'Big data' is great to have, but many practical commercial and policy problems involve making the best of limited data to develop our understanding.
Businesses and policymakers can increasingly rely on a wealth of data to support their decision making. But having more and more data does not in itself lead to better choices.
The challenge of turning limited real-world data into good decisions remains. Often the process starts with identifying the right question and making use of our prior understanding of the problem at hand. Black box models cannot substitute for knowing why conclusions are reached.
Regulatory and competition authorities are demanding in the evidence they require. Questions about market definition and market power are unavoidably empirical.
Understanding real-world data starts with extraction, collation, cleaning, transforming and checking. Statistics and econometrics then provide powerful tools to extract robust answers from consumer data, business data and bespoke survey data.
Drawing useful conclusions from limited data may mean making assumptions and using theoretical models tailored to the task at hand. Complex business decisions can benefit from explicit modelling of the available choices and their unfolding consequences to understand trade-offs and risks.
DotEcon has undertaken extensive data analysis and modelling both as part of regulatory and competition proceedings and to assist critical business decision-making. We are experienced in dealing with complex data sets and in gathering data from special-purpose market research. We can build sophisticated decision support models.
Shopping for ways to pay
Complaints by merchants that they are unable to refuse card payments despite the higher cost they have to incur as a result of interchange fees paid to the bank of the cardholder have been at the heart of proceedings against payment card schemes. However, in many countries card acceptance is far from universal and merchants can (and in many cases do) try to steer their customers choice of payment method. How effective and how sustainable such discouragement practices are depends on the response from customers.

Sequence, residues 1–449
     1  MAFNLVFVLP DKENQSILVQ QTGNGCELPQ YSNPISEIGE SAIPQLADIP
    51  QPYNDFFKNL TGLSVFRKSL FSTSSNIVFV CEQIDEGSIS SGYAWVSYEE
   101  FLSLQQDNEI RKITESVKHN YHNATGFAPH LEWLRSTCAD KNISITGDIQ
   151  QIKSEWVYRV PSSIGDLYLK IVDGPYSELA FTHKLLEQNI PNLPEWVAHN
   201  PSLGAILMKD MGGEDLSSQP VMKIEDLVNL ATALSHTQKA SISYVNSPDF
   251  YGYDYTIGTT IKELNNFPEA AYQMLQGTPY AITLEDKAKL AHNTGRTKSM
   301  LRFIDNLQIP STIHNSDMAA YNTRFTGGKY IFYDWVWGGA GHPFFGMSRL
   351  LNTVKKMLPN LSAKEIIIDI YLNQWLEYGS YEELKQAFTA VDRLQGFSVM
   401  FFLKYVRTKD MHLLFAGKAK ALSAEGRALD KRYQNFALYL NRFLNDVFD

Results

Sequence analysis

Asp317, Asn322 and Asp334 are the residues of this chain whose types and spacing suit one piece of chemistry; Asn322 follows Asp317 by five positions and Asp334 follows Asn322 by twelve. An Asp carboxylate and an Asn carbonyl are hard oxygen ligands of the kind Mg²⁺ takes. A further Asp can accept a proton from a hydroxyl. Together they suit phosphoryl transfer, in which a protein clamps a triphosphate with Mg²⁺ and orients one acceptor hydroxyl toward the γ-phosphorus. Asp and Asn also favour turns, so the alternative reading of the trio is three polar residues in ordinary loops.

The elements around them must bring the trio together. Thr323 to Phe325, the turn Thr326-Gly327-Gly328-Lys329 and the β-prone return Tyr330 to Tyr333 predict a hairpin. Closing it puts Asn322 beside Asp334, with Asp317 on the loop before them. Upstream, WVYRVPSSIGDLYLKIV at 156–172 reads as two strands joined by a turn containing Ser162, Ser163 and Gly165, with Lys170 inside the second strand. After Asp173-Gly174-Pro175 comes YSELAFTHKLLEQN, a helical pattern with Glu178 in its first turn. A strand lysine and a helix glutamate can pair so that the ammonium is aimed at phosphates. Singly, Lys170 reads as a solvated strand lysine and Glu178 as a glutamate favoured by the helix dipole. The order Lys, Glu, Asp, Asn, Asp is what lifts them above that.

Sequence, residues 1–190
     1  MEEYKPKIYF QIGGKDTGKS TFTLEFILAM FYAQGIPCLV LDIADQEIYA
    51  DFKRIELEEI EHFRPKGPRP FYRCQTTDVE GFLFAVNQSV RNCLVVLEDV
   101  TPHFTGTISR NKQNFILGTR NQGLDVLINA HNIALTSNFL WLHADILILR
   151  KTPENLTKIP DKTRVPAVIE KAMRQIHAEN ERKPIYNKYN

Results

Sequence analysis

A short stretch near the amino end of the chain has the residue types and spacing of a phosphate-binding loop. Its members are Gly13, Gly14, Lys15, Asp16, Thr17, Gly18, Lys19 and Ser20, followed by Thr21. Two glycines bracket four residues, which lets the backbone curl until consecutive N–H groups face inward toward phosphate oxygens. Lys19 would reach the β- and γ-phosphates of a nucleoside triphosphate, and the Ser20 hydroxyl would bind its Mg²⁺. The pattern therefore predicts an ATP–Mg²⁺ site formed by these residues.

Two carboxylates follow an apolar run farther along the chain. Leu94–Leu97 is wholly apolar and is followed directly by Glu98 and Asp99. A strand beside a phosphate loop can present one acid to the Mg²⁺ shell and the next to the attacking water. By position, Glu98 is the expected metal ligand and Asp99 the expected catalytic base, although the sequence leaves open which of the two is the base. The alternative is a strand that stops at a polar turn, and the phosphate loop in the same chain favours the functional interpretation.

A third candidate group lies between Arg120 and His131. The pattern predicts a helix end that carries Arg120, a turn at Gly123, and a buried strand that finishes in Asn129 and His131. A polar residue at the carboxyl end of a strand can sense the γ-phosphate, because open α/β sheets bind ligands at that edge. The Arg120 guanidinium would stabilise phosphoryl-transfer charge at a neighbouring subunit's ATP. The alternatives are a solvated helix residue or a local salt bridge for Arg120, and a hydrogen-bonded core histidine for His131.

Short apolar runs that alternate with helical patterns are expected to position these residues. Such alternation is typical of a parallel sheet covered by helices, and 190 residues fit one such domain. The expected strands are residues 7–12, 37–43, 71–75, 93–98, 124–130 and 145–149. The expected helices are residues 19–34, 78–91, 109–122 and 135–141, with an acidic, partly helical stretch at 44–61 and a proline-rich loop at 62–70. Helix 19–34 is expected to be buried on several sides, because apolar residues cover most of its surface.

To address this question, we designed and commissioned a large conjoint survey in which respondents were confronted with a series of hypothetical choices involving the choice of shope and the selection of payment method across a range of different retail environments. We then analysed the responses using a nested logit model that allowed for different degrees of substitutability between different forms of payment and between payment and shop choice.
We found evidence to suggest that customers are more likely to switch between payment methods than to go to another shop. Discouragement practices should therefore be very effective in changing the payment behaviour of customers while having little impact on the volume of business. We validated our model results against data on card use collected by a payments industry body. The results were used as evidence in competition proceedings in the UK and in Europe.
Benchmarking the price of radio spectrum
What price resources such as radio spectrum might fetch in an auction is an important question for both regulators wanting to set realistic reserve prices and bidders wanting to get an idea of the the ‘going rate’ for the frequencies for which they plan to bid.
Benchmarking is one way of establishing the likely value of such resources, but care is needed to make sure that the right comparators are chosen. Various characteristics such as additional ongoing spectrum fees that have to be paid, obligations linked with the licences that may be costly and the level of competition will influence the prices established in other auctions. A reliable benchmarking exercise will need to correct for differences in these factors or be based on a selection of reasonably similar awards.
We maintain an internal database of spectrum allocations around the world, including a wide range of bands and award types together with other indicators to support our benchmarking analysis. Our dataset includes hundreds of thousands of licences and tracks information such as auction format, number of bidders, coverage obligations, additional spectrum fees etc. where available. This enables us to provide our clients with the most accurate and tailored benchmarks possible.